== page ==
Sexual and Gender-Based Misconduct
Resources and Information
 


Update for parents and alumni

April 14, 2015

Skidmore’s Sexual and Gender-Based Misconduct (SGBM) policy is much under discussion these days, with activity on many levels to heighten awareness about the College's policies, procedures, and programs. The conversations on campus this spring have come in the wake of a broader discussion on both the state and national levels, reminding us that Skidmore is not alone in its efforts to deal with a complicated, delicate issue.

In a letter to the College community, President Philip A. Glotzbach addressed both the complexities of the issue and the impact on the campus. He wrote, "After more than eleven years at Skidmore and as a parent myself, I am profoundly troubled by the problem of sexual assault in our country and its persistence on our campus and so many others.  Such acts do violence to our core values and have no place in our community."

His letter came on the heels of two campus-based discussions, including a March 24 forum on community values, relationships, and culture, moderated by Crystal Dea Moore, professor of social work and Quadracci Professor of Social Responsibility. Those attending the session were encouraged to examine the policy and consider how well it reflects the values of the campus community. Conversation also focused on the training of advocates who respond to reports of SGBM, and consideration of mandatory sanctions.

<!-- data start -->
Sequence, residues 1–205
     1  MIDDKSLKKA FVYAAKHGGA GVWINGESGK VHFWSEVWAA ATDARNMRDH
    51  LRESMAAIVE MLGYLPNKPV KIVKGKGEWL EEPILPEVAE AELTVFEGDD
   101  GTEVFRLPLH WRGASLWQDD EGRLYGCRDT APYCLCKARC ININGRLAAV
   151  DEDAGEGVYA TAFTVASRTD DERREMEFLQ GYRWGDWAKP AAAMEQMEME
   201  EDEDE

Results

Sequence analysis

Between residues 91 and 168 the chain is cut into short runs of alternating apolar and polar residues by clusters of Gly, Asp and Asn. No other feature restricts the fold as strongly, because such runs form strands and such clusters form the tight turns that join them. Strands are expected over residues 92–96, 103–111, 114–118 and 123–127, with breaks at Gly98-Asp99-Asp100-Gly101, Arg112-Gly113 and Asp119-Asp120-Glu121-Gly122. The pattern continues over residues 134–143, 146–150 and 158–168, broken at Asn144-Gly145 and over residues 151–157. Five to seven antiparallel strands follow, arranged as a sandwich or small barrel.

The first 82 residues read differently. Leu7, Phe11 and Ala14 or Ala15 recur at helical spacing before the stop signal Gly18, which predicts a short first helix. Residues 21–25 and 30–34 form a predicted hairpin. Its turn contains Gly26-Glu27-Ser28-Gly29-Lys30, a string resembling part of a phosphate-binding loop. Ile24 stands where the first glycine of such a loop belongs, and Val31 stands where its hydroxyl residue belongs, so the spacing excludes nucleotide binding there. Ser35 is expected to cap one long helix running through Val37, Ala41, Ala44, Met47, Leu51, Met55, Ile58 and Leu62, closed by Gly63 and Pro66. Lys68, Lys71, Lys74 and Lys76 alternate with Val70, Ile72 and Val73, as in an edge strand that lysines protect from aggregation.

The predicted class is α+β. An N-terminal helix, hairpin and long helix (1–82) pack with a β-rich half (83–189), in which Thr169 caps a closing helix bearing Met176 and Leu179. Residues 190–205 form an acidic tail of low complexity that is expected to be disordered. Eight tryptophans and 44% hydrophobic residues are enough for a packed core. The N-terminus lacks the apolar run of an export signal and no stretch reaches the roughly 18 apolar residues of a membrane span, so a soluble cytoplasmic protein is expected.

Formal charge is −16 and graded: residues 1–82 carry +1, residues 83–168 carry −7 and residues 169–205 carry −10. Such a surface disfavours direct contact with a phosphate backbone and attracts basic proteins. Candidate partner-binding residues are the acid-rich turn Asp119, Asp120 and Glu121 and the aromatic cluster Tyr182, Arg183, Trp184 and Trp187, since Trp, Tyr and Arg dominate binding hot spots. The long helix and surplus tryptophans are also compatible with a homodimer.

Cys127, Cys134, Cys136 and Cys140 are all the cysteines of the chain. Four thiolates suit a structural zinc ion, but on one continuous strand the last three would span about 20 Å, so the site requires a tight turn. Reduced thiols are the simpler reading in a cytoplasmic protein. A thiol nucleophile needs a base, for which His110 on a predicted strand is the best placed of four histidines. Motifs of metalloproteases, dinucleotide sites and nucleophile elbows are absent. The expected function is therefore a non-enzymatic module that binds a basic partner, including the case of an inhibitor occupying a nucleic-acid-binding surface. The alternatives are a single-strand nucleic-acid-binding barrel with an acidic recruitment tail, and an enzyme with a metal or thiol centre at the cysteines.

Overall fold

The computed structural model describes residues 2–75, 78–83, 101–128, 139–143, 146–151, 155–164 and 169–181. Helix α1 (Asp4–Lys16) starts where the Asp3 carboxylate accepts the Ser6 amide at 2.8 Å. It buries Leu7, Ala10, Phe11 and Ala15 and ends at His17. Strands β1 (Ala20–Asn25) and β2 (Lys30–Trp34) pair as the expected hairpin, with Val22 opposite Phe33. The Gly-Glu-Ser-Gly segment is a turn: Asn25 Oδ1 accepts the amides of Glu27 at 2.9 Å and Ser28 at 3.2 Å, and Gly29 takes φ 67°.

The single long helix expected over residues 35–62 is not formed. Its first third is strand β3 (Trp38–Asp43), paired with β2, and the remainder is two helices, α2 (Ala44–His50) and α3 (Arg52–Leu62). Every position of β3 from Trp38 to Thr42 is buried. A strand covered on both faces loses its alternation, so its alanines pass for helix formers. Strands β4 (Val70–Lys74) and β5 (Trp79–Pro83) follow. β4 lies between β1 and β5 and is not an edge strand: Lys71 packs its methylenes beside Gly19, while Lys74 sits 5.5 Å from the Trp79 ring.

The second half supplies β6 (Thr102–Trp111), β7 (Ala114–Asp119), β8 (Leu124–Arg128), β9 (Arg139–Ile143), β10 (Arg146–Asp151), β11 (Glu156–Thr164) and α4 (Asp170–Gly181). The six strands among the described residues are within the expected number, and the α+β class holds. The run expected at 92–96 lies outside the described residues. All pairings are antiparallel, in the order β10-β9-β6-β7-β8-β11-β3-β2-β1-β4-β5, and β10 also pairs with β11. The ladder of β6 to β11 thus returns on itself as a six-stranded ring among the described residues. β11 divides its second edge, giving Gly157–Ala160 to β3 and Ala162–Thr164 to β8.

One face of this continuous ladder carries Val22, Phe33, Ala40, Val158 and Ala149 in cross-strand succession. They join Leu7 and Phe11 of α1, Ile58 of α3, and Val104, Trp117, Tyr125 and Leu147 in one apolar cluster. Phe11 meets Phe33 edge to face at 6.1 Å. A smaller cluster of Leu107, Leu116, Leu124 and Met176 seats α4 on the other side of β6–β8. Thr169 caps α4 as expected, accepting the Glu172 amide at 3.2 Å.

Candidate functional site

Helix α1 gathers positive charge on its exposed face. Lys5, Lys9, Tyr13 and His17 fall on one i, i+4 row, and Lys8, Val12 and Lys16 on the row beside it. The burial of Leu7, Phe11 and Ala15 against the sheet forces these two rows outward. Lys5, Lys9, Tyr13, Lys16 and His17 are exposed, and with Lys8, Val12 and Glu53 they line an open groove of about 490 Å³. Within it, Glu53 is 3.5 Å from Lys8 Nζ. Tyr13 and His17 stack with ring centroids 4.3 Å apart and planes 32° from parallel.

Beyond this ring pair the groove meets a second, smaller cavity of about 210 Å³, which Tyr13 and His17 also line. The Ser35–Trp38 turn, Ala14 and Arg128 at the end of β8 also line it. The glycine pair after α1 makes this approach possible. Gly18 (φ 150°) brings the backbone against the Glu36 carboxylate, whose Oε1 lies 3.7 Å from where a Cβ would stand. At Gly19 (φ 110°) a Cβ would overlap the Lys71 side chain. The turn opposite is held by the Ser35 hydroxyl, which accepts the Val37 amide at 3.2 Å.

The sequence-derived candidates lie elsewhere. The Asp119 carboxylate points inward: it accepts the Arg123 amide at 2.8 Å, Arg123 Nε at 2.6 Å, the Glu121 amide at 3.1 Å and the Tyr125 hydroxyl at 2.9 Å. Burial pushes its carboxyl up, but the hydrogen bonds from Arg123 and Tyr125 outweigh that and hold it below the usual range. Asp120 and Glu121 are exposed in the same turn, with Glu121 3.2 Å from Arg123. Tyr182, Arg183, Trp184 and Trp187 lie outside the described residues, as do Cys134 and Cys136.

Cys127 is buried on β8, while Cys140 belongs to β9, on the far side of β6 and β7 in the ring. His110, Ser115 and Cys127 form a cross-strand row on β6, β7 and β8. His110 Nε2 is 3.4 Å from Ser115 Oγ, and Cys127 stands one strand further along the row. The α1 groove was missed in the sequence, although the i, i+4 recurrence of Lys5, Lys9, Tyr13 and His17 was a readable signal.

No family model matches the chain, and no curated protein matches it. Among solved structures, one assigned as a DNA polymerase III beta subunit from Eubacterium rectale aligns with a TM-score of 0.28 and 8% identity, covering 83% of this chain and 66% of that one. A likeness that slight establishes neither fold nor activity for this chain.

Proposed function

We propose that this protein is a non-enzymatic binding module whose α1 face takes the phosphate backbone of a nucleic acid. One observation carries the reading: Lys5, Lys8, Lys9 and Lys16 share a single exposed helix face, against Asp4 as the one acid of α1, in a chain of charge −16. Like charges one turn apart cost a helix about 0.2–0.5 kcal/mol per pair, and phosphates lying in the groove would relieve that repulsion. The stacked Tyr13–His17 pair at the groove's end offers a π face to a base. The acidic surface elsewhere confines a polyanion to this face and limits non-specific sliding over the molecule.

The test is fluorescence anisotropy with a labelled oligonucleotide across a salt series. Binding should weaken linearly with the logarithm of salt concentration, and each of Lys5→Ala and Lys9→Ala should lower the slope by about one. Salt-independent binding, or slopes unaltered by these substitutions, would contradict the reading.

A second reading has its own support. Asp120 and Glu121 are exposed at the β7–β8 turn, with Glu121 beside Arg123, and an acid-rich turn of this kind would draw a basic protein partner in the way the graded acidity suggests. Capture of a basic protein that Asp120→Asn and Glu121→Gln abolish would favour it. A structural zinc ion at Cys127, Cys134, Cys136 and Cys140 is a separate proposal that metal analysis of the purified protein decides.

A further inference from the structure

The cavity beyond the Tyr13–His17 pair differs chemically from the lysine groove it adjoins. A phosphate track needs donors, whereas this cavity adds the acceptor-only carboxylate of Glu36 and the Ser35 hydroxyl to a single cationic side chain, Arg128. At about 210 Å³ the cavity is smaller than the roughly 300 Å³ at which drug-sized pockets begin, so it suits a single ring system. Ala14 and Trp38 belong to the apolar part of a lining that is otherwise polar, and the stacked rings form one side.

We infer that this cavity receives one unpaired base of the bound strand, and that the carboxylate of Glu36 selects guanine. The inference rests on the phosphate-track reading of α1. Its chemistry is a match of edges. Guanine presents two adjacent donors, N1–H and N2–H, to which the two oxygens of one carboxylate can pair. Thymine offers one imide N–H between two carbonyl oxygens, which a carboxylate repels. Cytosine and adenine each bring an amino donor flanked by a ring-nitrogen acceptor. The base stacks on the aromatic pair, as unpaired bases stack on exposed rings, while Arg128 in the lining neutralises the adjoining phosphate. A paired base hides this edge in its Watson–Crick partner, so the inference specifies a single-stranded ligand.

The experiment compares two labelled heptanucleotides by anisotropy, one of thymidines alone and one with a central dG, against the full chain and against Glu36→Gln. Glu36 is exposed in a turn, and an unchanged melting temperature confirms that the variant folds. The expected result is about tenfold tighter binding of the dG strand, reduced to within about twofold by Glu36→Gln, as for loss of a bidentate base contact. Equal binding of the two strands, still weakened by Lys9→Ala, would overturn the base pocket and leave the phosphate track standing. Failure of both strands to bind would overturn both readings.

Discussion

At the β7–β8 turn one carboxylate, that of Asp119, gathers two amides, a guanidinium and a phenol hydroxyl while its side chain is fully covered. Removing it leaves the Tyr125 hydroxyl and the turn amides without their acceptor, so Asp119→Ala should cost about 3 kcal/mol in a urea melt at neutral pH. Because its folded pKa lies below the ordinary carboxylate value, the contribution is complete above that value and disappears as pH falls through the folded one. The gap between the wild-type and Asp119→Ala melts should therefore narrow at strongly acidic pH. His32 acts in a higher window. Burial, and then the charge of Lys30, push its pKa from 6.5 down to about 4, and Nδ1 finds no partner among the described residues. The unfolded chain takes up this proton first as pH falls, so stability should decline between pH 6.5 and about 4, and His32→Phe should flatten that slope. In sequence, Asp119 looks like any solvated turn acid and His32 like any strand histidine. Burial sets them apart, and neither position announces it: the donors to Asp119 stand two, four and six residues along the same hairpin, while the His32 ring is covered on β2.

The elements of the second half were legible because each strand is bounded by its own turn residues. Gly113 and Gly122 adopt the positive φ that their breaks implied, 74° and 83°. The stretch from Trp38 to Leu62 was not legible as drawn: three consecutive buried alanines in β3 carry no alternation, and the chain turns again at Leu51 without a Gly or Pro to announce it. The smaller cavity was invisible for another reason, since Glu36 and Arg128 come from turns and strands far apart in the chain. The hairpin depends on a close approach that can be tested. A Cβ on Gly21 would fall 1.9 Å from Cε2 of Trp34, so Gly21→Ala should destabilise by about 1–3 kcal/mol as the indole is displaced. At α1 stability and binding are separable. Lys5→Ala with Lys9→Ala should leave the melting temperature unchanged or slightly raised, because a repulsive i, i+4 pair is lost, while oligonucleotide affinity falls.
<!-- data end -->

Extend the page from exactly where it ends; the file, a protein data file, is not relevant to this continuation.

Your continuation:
The forum was the fourth and final all-College conversation this year. All feedback about the current version of the SGBM policy will be reviewed during the summer. Any revisions will be discussed and added prior to the start of the new academic year. Mariel Martin, Title IX deputy coordinator, explained that the policy and educational materials are always being reviewed with an eye toward revising to reflect campus expectations and values.

Nearly 90 alumni and parents participated in a March 31 webinar featuring members of the Advisory Committee on Sexual and Gender-Based Misconduct.  Questions covered such areas as mandatory sanctions, policy implementation, and readmission for students found in violation of the policy.  

Participants in the two-hour session "were thoughtful and engaged, raising important questions and offering constructive recommendations to the Council," said Mariel L. Martin, deputy Title IX coordinator and director of student diversity programs. "While we could not respond to all questions and comments due to federal privacy requirements, we're committed to clarifying and improving our policies, procedures, and prevention work here at Skidmore."

In the days ahead, the Student Government Association, through the "It’s Happening Here" awareness campaign, will host two speakers. At 6:30 p.m. Wednesday, April 15, Tim Mousseau will talk about how to reframe the conversation around sexual misconduct and how to change a school’s culture. At 3:30 p.m. Friday, April 17, Liz Seccuro will discuss how technology has the potential to help and harm students and campuses facing issues of sexual assault. Both events are in Davis Auditorium and are open to the College community.

 

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